Bayram, Baris. How an Ethics-Based Approach Works with Global Agendas. IMPAKTER. Online June 19, 2017. From this unique multi-generational website (see below) for a sane, peaceable, humane world, we cite for example, this manifesto for a novel 21st century moral, public and environmental guidance by a Yeditepe University, Istanbul, PhD philosophy candidate. The entry continues the vital concerns and advances of the quote, but the complex systems literacy he rightly calls for needs gain more substance, which is our aim. The whole IMPAKTER.com site is a luminous beacon of thoughtful intentions with a Sustainable Development Goals emphasis. Click on TEAM is to find many accomplished young persons, more women than men, such as Courtney Storm a cancer care lawyer, along with an older generation such as Arni Mathiesen, Asst. Director General of the UN Food and Agriculture Organization.
This is why we need a strong theoretical literacy to deal with complexity and contextual ambiguity towards needed directions. We also need scientific knowledge to understand the needs and goals to ensure our well-being and develop effective and accurate responses. Finally, we need to hone our thinking skills to use such literacy and knowledge more effectively to autonomously address any issue or event as needed. To improve our responses, deliberations, theories and forecasts, we must have access to quality information, such as, for example, expert reports provided by the United Nations. And these requirements are just the beginning to enable us to generate quality deliberations, designs and decisions aimed at enhancing our own level of well-being. (Bayram)
Beinhocker, Eric. The Origin of Wealth: Evolution, Complexity, and the Radical Remaking of Economics. Boston: Harvard Business School Press, 2006. Reviewed more in A Planetary Physiology, this work parallels Robert Reid’s new evolutionary theory with a similar placement of a self-organizing impetus in front of later, secondary selection.
Beloussov, Lev. Morphomechanics of Development. Switzerland: Springer, 2016. The Moscow State University biologist has collaborated with the embryologists Richard and Natalie Gordon for many years, and concurrently with their opus (search) offers his own theoretical treatise. The Russian holistic penchant is evident in the lead chapter named From Strict Determinism to Self-Organization.
This book outlines a unified theory of embryonic development, assuming morphogenesis to be a multi-level process including self-organizing steps while also obeying general laws. It is shown how molecular mechanisms generate mechanical forces, which in the long run lead to morphological changes. Questions such as how stress-mediated feedback acts at the cellular and supra-cellular levels and how executive and regulatory mechanisms are mutually dependent are addressed, while aspects of collective cell behavior and the morphogenesis of plants are also discussed. The morphomechanical approach employed in the book is based on the general principles of self-organization theory. (Publisher)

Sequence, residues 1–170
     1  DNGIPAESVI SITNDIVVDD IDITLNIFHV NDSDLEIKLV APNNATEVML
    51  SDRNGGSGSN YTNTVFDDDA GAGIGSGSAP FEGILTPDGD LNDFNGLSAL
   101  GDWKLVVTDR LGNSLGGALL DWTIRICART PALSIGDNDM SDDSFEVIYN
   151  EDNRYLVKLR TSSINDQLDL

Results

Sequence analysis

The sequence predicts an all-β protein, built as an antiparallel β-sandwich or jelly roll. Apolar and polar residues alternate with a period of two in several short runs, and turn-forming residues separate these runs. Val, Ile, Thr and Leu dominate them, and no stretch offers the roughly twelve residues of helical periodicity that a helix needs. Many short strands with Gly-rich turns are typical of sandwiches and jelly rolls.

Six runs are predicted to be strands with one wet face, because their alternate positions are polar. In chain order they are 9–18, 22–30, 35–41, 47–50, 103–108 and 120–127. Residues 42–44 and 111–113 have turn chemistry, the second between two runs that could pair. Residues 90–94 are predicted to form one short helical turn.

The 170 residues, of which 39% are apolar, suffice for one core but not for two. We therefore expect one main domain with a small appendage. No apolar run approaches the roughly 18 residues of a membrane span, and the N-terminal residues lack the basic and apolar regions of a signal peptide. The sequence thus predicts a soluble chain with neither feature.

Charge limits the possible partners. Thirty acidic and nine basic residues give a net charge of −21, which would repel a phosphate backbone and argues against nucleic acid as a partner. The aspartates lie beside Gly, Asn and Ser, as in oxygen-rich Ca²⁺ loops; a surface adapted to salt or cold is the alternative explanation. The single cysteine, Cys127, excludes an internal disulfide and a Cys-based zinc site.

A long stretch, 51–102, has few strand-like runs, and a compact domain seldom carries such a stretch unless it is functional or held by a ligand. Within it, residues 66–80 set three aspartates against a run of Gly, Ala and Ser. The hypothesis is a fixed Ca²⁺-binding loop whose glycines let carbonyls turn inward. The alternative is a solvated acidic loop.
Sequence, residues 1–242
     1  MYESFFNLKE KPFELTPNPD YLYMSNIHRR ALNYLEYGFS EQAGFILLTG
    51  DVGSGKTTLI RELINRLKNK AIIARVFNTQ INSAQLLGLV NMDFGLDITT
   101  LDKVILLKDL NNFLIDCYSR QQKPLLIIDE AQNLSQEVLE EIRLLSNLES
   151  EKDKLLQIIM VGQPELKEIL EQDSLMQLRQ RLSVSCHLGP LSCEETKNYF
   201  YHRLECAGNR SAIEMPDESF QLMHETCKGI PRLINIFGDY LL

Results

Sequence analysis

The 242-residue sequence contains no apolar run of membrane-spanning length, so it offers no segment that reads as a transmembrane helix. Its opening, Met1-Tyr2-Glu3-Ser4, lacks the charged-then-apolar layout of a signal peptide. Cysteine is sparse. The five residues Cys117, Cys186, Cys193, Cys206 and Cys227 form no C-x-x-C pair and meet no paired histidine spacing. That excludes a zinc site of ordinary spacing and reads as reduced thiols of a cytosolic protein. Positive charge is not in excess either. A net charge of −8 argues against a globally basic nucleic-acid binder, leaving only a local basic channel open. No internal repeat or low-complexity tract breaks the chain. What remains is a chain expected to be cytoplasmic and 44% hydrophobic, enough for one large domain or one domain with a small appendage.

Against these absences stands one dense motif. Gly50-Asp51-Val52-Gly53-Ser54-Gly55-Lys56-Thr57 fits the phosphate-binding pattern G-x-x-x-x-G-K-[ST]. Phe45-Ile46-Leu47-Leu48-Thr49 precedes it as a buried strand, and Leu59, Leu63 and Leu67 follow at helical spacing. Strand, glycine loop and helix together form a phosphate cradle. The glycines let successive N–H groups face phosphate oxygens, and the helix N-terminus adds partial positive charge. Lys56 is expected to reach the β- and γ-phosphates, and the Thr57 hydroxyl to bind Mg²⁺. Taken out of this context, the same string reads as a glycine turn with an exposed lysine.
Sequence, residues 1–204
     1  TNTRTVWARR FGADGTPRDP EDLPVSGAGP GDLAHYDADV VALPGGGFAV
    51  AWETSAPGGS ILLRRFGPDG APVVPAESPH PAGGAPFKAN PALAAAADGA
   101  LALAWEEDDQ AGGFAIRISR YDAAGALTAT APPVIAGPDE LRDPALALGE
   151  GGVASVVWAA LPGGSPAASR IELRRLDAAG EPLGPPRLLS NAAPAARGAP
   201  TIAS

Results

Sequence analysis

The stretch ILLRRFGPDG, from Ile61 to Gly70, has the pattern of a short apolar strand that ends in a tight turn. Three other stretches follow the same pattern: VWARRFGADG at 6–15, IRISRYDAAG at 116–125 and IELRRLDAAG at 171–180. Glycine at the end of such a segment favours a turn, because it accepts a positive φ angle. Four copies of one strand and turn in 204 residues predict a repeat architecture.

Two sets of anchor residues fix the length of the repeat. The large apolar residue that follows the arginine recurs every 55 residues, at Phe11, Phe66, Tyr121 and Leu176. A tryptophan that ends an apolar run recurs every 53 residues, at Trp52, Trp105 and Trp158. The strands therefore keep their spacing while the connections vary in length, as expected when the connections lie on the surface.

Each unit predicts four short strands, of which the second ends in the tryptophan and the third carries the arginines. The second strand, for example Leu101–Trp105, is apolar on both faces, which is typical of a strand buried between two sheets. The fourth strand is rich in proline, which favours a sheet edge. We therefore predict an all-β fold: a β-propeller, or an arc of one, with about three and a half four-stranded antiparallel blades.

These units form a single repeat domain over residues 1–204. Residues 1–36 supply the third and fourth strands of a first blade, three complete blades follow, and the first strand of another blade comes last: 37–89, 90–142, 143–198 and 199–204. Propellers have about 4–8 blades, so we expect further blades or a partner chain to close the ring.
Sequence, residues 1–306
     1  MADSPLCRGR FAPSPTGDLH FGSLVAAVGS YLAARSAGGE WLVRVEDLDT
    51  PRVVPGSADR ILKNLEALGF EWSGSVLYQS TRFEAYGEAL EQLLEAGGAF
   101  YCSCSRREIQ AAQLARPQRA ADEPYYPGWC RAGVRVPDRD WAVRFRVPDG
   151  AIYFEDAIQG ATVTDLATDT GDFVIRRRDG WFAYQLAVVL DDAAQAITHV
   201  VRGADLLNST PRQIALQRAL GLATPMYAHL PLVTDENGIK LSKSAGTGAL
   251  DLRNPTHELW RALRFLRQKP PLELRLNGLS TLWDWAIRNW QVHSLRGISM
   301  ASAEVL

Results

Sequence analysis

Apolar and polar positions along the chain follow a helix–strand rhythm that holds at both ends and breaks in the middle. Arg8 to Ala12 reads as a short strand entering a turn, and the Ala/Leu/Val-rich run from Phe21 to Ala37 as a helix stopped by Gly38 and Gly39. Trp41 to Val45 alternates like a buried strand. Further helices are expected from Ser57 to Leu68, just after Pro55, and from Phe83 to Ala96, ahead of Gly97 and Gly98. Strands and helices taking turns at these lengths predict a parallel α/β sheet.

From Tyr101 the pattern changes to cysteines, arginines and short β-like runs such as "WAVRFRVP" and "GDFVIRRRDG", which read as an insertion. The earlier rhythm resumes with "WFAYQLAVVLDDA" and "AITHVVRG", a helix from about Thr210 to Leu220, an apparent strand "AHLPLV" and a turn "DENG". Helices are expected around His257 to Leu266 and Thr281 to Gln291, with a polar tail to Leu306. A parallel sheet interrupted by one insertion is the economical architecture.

Ben Jacob, Eshel and Yoash Shapira. Meaning-Based Natural Intelligence vs. Information-Based Artificial Intelligence. http://star.tau.ac.il/~eshel/bacterial_linguistic.html. In a late 2008 document posted as a draft synopsis of a book The Cradle of Creativity, Tel Aviv University microbiologists propose a definitive contrast of diametric universe models. The current physical paradigm is traced to Laplace’s deterministic machine, which since the 1950s has become more of a Turing-like computational automaton. As a result, life, evolution, and cognition are, to much deficit, considered in mechanical terms. While this ‘constructivist’ AI view reduces, a natural intelligence (NI) is rightly ‘generativist’ at all hierarchical levels. In such regard, bacterial communities can serve as an icon of cooperative self-organization, which as members chemically crosstalk and sense quorums, can imply a rudimentary cognitive ability. As an editorial comment, the authors seem burdened by the very machine terminology they quite seek to surpass.
In this chapter, we reflect on the concept of Meaning-Based Natural Intelligence – a fundamental trait of Life shared by all organisms, from bacteria to humans, associated with: semantic and pragmatic communication, assignment and generation of meaning, formation self-identity and of associated identity (i.e., of the group the individual belongs to), identification of natural intelligence, intentional behavior, decision-making and intentionally designed self-alterations. These features place the Meaning-Based natural Intelligence beyond the realm of Information-based Artificial Intelligence. Hence, organisms are beyond man-made pre-designed machinery and are distinguishable from non-living systems.